Letter From India: Outrage Over an “Eve-Teasing” Tragedy
I had lost touch with that peculiar Indian euphemism “eve teasing” in the years I had been away from India.
This week I was reminded of it in horrible detail.
Rinku Das, a 23-year-old call center employee in Kolkata, was returning by local train to her home in Barasat on the outskirts of the city. It was after dark and as usual, her 16-year-old brother, Rajib, was waiting with his bicycle to escort her home. A group of drunk men started making lewd comments. Rinku asked her brother to pedal faster. But they were not quick enough. One of the men caught up with her and grabbed the handlebars of the bicycle. He pulled her off the bike and sprinkled alcohol all over her. The brother tried to stop them, and they started beating him up, saying: “Oh are you a big shot gangster now? Show us your gun then.”
That’s when the story takes its most horrific turn. Rinku ran screaming for help to the District Magistrate’s bungalow nearby. The armed guards standing at the gate refused to leave their posts. They gave her the phone number of the police station.
By the time Rinku ran back, a passerby in a cycle rickshaw had picked up her brother, who was lying bleeding by the side of the road. He died the next morning.
The papers were flooded with headlines about eve teasing, the Indian shorthand for sexual harassment in public. It sounds coy, but it covers everything from the streetside flirtation that’s part and parcel of romancing in Bollywood films to throwing acid in a woman’s face.
But for Rinku Das, the real “eve teasing” began later.
“I’ve heard about the allegation, but after conducting an inquiry, I found it was not true,” said the District Magistrate whose guards had turned Rinku away.
“This woman is a divorcee, she used to go to work in Kolkata every day, and she used to return around 11 to 11:30 every night,” the state’s Home Secretary told reporters. Eve teasing, it seems, is really about that temptress Eve, the one that led to the downfall of Adam.
The Home Secretary would probably deny it, but buried in his comments is India’s nagging discomfort with its working women. Almost two decades of having a woman prime minister has not quite erased that unease. In the 1960 Bengali film “Meghe Dhaka Tara” (Cloud Capped Star), a young woman goes out into the workforce to support her middle-class family. In one scene, the strap on her slipper snaps and she limps down the street in the blazing sun. She gets no sympathy from her family, no thanks or gratitude. They complain if she comes home late. The young woman says nothing, she just goes out to work every day.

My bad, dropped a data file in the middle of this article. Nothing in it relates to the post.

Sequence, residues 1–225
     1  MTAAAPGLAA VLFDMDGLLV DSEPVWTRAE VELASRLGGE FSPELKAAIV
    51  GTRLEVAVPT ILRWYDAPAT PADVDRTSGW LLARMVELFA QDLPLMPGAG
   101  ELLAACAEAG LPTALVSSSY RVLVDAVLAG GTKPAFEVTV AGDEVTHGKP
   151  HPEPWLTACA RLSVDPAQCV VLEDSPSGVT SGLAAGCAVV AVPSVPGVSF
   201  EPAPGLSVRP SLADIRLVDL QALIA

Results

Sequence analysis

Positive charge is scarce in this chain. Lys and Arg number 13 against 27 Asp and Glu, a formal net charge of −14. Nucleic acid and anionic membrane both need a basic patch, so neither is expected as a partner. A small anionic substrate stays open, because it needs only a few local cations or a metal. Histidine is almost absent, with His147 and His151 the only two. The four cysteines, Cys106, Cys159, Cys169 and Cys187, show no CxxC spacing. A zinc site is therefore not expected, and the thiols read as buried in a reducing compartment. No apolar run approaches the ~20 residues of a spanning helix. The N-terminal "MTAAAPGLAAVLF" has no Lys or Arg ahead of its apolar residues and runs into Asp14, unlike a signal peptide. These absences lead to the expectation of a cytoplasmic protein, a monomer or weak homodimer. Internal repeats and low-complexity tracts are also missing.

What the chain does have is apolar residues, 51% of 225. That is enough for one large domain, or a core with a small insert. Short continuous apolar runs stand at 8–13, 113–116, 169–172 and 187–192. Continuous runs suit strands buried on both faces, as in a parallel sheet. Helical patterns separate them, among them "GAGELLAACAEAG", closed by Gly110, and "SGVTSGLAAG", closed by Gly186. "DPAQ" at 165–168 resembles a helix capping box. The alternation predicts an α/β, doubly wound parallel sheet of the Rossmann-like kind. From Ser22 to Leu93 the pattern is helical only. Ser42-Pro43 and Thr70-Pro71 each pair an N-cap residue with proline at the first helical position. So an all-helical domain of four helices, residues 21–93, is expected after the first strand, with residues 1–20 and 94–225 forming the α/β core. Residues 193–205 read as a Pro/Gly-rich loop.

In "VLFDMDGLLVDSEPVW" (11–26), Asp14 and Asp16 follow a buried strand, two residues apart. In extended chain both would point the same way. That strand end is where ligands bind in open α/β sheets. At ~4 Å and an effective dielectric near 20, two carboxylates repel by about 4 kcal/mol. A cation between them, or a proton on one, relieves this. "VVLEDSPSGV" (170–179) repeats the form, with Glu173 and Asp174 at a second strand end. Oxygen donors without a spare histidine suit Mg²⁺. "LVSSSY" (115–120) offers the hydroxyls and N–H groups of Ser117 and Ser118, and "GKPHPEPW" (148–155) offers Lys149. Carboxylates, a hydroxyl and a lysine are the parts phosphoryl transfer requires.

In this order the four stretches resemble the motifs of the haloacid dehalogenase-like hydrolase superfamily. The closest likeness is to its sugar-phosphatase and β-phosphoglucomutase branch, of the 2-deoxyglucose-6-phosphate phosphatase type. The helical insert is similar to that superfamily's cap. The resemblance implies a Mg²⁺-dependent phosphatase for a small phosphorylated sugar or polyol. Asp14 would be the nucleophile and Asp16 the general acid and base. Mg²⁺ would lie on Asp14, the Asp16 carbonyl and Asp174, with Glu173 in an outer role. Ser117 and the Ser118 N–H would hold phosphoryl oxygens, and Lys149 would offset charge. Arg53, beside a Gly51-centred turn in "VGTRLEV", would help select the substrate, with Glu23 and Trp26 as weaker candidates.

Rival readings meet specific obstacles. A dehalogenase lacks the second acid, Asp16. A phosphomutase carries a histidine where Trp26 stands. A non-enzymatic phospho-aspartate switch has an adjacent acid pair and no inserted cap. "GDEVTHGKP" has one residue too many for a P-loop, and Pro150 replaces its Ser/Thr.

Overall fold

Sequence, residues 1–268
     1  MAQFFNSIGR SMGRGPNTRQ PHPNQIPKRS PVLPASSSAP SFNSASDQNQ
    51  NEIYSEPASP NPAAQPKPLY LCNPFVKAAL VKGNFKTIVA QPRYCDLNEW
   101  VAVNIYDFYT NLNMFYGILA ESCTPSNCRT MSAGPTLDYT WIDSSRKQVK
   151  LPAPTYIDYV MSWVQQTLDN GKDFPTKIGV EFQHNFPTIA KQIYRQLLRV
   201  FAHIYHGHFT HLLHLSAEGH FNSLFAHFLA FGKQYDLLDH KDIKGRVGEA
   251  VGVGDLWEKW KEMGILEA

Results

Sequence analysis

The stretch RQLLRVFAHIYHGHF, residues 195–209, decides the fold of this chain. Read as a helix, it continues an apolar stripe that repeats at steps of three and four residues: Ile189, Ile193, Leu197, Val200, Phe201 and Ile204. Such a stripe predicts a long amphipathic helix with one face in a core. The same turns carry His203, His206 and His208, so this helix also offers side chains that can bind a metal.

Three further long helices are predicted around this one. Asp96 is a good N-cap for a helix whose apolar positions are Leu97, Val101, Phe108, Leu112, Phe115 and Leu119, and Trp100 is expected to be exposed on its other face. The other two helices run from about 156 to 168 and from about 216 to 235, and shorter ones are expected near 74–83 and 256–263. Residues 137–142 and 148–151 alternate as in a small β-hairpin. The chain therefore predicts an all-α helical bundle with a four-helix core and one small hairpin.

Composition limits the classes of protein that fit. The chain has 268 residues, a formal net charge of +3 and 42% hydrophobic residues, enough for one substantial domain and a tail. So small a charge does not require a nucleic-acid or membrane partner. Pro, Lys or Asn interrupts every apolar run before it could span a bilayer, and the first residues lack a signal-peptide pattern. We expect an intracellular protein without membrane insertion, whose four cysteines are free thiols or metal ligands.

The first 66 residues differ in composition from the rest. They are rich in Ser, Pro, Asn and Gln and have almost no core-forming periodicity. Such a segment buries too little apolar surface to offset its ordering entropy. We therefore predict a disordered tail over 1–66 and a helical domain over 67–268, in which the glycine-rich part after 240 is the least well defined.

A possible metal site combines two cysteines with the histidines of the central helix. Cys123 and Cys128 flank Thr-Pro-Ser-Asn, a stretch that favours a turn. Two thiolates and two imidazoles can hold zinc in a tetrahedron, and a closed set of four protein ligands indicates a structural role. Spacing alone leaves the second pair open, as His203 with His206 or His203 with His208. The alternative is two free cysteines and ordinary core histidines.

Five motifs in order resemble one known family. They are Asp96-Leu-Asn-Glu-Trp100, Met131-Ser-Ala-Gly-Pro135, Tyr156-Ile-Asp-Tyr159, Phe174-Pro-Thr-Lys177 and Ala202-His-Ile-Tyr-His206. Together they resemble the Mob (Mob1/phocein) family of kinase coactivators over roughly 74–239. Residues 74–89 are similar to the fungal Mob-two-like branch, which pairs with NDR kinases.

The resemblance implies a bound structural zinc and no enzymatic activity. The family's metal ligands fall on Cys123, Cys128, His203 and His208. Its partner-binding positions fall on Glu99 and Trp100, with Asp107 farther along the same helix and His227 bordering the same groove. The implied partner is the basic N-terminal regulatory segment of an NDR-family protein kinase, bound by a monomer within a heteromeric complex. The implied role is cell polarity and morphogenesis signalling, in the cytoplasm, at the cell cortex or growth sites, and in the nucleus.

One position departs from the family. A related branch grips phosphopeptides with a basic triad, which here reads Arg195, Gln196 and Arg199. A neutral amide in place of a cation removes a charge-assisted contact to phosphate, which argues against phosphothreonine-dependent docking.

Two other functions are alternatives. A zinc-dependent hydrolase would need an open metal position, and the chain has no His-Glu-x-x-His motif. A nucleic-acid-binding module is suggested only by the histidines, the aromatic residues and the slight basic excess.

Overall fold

The image that sticks with me about the Rinku Das story is of a young woman coming home from work versus a group of men, probably unemployed, who spend their days getting high on cheap liquor and cough syrup.
When I was a child growing up in India, few of my friends’ mothers worked. I recall telling my mother, “Don’t go to work. Then you won’t be home when I come back from school.” My mother remembers that fondly. I remember it with chagrin.
Now I know few young urban women who do not work. In 1981, the proportion of women in the formal workforce was 19.7 percent. By 2001, the figure had risen to 25.7 percent. The International Labor Organization (ILO) estimates that 34.2 percent of Indian women are now in the workforce, though that still trails China’s 68.9 percent. In the information technology industry, by some estimates women make up over 40 percent of the workforce. The tension over working women, traveling on their own in crowded buses and auto rickshaws, flares up over and over again, as if the women are daring the men by encroaching into their territory— the open street.
Indian law does not mention eve teasing by name but recognizes harassment as criminal activity. The government has deployed anti-roadside “Romeo squads” and set up anti–eve-teasing cells in police stations but has not been able to do much. In the wake of the newest tragedy, the newspapers are full of lurid stories about the “tease and hit trail.” A young private tutor was beaten up when he tried to take on two youths making lewd comments about one of his students, a 14-year-old girl. Two sisters on a scooter were manhandled by some 30 young men from a local neighborhood club in the same city where Rajib was killed, barely 24 hours before his death.
Women have made huge strides in India in all fields. But the price has been high. According to the National Crime Records Bureau, violence against women is the fastest-growing crime in India. Most just have to develop a thick skin. Some, like Rinku Das, pay a much higher price.
It’s hard to tell how long the outrage will last. With elections around the corner, political parties are trying to capitalize on the tragedy. The embattled chief minister went to visit the bereaved family but was shown black flags in protest. The opposition party showed up with a flower-bedecked hearse with their own party flags. The family turned it down.
The shadow of the tragedy of Rinku and Rajib Das touches our house, too. Our cook, a young woman, lives in the same small town where the hoodlums accosted Rinku. A single mother separated from her husband, she lives alone, her little boy in a boarding school. She, too, takes the local train to work in Kolkata every morning. At the end of the day, she gets off at the same station and takes the same “tease and hit trail” home.
“Everyone knows it’s a bad road,” she says. “But what can you do? You have to work.”
By: Sandip Roy
Source: New America Media